Pretty much everyone has heard of Artificial Grass (or Artificial Turf), it’s used in a number of different products around the world. It is most commonly associated with traditional sports such as Tennis and Baseball, but has now become a popular product to be used as a hassle free replacement to gardens, and is even used in airports around the world to reduce maintenance costs and deter wildlife. Many people often use the name “Astroturf”, although this is only the brand of turf that became the most popular back in the 60’s, which initiated the market for Artificial Turf itself. Officially, Artificial Grass is defined as a surface which is made synthetically to both look and perform like natural grass. The history behind the creation and evolution of artificial grass is actually a more interesting story than you’d initially suspect…
The first recorded use of an artificial turf was over 70 years ago, this initial product was made in the 1940’s by a company known as the Minnesota Mining and Manufacturing Co. They had developed this rubbery material for athletes to train on, minimising risk and optimising their performance. The company went on to create the Famous Artificial turf brand “3M” which is still around today. Another 20 or so years later, David Chaney and his research team in North Carolina’s Research Triangle Park produced the first noticed form of Artificial Grass and saw a rise in attention for the product, with Chaney known as the man responsible for millions of welcome mats and indoor Major League Baseball.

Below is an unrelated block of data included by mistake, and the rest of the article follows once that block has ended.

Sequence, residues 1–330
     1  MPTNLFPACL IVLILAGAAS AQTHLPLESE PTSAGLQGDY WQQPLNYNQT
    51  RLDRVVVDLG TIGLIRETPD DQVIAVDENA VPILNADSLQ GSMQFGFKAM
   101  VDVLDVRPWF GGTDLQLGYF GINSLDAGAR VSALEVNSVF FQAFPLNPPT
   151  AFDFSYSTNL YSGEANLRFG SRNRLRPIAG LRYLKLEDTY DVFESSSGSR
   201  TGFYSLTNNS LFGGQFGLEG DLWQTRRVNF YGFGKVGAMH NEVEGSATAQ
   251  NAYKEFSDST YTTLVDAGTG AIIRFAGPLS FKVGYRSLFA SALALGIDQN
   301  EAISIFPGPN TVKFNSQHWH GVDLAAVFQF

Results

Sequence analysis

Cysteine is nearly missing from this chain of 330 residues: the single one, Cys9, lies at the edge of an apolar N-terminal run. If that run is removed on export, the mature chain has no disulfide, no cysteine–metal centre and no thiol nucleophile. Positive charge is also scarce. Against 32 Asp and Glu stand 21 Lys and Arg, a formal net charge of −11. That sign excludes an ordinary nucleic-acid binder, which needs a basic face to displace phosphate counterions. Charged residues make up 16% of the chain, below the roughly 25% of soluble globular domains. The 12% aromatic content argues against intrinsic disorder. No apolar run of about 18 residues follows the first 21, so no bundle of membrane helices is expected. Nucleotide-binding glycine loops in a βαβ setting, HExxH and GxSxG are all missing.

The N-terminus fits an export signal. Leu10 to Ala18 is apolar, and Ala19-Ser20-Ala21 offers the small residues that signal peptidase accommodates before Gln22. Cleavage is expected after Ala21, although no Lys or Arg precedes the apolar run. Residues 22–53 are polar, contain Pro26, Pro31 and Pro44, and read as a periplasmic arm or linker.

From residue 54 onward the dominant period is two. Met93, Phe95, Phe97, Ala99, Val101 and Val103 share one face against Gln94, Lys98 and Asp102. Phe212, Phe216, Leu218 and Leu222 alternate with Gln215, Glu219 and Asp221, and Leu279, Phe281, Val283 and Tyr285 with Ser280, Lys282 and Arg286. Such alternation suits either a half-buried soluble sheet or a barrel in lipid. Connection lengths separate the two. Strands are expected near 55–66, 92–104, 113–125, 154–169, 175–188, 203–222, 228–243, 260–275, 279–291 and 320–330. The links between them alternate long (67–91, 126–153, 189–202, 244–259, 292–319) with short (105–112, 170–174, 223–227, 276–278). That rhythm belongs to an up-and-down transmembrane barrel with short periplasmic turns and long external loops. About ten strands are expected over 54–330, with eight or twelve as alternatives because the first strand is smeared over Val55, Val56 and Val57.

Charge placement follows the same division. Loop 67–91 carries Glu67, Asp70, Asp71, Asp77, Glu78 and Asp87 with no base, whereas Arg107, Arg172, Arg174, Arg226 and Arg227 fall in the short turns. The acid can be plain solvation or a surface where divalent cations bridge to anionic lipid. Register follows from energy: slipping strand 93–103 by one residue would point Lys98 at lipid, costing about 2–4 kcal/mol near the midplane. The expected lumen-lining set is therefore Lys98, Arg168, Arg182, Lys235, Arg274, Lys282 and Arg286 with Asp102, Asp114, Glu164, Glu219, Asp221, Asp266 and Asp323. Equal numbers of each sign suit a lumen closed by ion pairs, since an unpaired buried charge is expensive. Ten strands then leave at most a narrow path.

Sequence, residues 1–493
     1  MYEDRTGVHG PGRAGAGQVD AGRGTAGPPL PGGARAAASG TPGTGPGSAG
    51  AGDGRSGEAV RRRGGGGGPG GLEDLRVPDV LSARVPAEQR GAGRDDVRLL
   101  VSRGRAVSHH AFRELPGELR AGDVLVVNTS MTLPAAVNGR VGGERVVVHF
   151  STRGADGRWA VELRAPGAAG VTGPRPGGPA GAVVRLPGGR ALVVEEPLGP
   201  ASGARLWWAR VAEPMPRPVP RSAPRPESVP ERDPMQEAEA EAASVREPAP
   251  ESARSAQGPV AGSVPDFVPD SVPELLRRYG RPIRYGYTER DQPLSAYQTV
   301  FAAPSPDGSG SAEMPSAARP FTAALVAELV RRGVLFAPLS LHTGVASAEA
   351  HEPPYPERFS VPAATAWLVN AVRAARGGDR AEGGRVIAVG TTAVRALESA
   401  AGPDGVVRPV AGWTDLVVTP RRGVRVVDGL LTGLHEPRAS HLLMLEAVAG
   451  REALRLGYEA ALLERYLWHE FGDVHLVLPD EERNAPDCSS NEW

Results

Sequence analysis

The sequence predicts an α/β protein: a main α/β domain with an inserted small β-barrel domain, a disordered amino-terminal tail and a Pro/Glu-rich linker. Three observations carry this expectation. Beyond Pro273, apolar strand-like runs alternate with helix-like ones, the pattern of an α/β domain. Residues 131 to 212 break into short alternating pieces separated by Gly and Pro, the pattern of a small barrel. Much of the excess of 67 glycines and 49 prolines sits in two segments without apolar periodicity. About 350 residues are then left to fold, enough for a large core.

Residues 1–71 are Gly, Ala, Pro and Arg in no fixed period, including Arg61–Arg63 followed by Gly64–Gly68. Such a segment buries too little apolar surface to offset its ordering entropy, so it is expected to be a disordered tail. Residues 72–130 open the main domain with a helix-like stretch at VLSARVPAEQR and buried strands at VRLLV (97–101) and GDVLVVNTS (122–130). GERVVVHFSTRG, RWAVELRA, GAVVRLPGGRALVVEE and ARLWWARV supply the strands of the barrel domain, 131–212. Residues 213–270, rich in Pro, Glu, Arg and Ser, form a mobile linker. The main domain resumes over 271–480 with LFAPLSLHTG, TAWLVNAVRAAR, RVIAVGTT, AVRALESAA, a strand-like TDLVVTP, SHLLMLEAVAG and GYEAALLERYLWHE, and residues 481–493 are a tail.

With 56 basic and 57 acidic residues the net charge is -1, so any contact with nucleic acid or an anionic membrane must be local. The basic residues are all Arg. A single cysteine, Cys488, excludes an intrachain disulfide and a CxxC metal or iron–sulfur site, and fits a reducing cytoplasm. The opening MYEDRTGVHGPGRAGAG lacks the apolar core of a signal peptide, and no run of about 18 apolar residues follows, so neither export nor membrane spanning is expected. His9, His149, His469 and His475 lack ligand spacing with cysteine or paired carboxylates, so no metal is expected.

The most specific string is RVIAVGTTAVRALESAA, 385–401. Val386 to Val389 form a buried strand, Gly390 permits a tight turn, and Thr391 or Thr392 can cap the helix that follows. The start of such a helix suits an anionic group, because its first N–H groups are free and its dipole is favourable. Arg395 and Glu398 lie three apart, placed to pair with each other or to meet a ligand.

The first big player in the Artificial Turf market did not appear until 1967 with Chemgrass. Chemgrass was used in the Astrodome in Houston, Texas for Baseball, replacing the whole grass field with Artificial Turf after it was destroyed from a year of indoor use. Chemgrass employee John A. Wortman then changed its name to Astroturf in order to receive greater recognition and popularity by being rightfully related to the Astrodome name, a tactic which has seen the Astroturf brand through to this day. The next large commercial use of Artificial Grass was in 1976 with the American Hockey Federation for the Olympics in Montreal, and the product also got the Prince of Wales’ stamp after installing it in his Garage for protection of his 4×4’s bio-diesel system.
Artificial Grass products have been on the rise indefinitely since their big introduction in the Astrodome with an annual growth rate of around 20 percent and an estimated market worth of 1.3 billion pounds globally. The product has not always been the same however, and has had intensive R+D in the past to be fully developed over time. The different stages of the evolution of Artificial Grass are known as Generations, the most current official product being 3G.
- First Generation Turf used short-pile fibres, and did not have an infill of any kind
- Second Generation Turf improved on this by using a sand infill
- Third Generation Turf uses both a mixture of sand and recycled rubber, and is indistinguishable from real grass at a distance.
There have also been claims of 4th, 5th and 6th Generation sports pitches, although none of these have been officially approved by any associations such as FIFA, FIH, RFL, RFU, FA or IRB (all of which who have approved 3G pitches). The 4th Gen is designed to perform like a 3G pitch without the infill, and 5th Gen using only rubber infill in the Carpet’s surfacing. 6th Gen’s advantages remain to be seen and seem to just be a marketing term for new pitches at this point in time.